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Re: Gardening 2019

#56

Post by Bill_G » Sun Jul 07, 2019 4:03 pm

Whatever4 wrote:
Sun Jul 07, 2019 2:07 pm
FEMA Camp 626 has a garden. This new plot was wrestled with great effort from piles of lumber and trash. It’s a thing of beauty. Verbie and Listeme are hard workers!
Great photos. Maine may be later, but it has longer days to make up for it, though you may have to coax the tomotoes with a tent to get extended heat for ripening.

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Re: Gardening 2019

#57

Post by Maybenaut » Sun Jul 07, 2019 4:41 pm

My sister is a flower farmer — she grows cut flowers on her farm. Today I went out with her to cut some lilies, snap dragons, gladiolas, dianthus, and a few others whose names I either cannot recall or cannot pronounce.
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Re: Gardening 2019

#58

Post by p0rtia » Sun Jul 07, 2019 5:00 pm

Bill_G wrote:
Sun Jul 07, 2019 4:01 pm
p0rtia wrote:
Sun Jul 07, 2019 1:03 pm
Awesome Bill_G. :heart: Today is definitely the day to take garden piccies. Let the summer in.
Definitely let the Summer in. It's still mild around here. Great for the veggies. They are putting on blooms like crazy. Once the heat hits, they will move towards fruit growth and stop setting flowers.
Where are you? I'm in upstate NY. Very shady where I am, so I grow a selected assortment of vegetables, mostly for the flowers! Pickling cukes are great for that. Beans and cherry maters are about the only things that actually bear. Heat doesn't ever really hit, because shade. But I have to water. Tricky when you're off grid, but I gots downspout diverters!
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Re: Gardening 2019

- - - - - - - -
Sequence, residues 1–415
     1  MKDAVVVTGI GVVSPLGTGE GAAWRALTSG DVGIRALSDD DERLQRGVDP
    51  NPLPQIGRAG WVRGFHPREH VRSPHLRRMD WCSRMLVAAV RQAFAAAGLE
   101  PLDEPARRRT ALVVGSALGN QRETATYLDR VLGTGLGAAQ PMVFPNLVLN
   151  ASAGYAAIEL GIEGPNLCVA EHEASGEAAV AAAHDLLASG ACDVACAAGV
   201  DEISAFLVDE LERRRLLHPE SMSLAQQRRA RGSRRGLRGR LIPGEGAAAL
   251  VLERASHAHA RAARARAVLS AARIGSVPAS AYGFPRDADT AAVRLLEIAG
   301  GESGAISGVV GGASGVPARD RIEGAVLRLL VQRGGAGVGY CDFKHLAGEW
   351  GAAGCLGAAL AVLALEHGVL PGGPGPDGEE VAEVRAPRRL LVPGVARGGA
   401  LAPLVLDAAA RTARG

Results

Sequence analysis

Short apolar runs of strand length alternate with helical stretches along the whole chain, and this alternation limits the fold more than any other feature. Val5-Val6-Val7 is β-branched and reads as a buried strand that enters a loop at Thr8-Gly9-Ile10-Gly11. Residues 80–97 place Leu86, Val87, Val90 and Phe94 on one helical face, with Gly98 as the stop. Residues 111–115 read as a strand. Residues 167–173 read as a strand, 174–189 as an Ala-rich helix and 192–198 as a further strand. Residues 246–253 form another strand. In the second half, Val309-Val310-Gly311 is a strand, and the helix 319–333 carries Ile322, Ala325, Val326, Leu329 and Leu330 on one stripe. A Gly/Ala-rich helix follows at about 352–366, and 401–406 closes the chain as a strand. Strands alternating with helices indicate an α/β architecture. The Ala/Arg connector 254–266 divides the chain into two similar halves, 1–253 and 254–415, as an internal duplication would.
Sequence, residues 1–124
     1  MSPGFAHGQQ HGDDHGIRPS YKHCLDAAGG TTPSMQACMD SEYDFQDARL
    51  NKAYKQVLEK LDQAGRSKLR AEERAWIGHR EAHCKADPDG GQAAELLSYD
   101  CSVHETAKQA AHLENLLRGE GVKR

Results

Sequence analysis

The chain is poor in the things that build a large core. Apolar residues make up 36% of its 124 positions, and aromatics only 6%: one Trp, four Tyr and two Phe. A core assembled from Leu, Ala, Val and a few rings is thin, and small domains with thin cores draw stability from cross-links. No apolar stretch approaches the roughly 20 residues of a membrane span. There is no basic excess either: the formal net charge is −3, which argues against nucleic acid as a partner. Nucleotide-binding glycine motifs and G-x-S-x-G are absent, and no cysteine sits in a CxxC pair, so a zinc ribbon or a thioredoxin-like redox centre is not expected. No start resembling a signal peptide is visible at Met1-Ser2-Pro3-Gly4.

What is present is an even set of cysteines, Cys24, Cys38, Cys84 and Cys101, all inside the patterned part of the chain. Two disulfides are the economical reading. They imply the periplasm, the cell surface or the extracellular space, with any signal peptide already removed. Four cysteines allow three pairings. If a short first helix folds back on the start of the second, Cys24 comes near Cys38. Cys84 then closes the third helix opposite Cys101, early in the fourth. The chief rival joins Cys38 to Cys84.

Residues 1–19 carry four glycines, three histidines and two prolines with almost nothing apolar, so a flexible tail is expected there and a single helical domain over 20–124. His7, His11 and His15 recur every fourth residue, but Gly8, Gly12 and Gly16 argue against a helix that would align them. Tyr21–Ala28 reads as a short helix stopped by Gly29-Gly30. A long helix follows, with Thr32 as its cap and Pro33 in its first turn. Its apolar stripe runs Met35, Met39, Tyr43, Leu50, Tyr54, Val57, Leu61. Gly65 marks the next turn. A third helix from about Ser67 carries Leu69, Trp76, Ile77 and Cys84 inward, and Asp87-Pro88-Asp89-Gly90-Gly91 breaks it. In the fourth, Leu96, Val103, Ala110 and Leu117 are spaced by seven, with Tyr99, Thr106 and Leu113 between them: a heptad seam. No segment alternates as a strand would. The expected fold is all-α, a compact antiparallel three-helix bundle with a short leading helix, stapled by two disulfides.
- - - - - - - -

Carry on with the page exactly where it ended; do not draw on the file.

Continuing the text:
#59

Post by Azastan » Sun Jul 07, 2019 9:43 pm

I am way behind on the gardening, due to the ridiculous amount of snow that we had here in my part of town. The grass keeps growing, I keep mowing. My horses can't keep up with the growth!

I don't do a lot of organized gardening, but this year I went down to Olympia to attend a dahlia tuber sale put on by the local dahlia club, and bought 23 varieties. They all got planted in tubs on my deck, well away from the edge of the deck. Last year one of the horses decided she was going to eat my just-about-to-flower big red dinnerplate dahlia and I wasn't going to let them do that this year.

I've also gained some chickens since last year. My neighbour loves hatching out chicks, so she sent me 8 chicks. Two of them went to freezer camp since unfortunately for them, they were....ermmm....too noisy in the morning. There's still one rooster, an odd little guy who is mostly a glossy green-black with gold epaulets. We think he's a silky cross of some sort. But he's small and inoffensive, so he gets to stay.

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Re: Gardening 2019

#60

Post by Bill_G » Mon Jul 08, 2019 8:53 am

p0rtia wrote:
Sun Jul 07, 2019 5:00 pm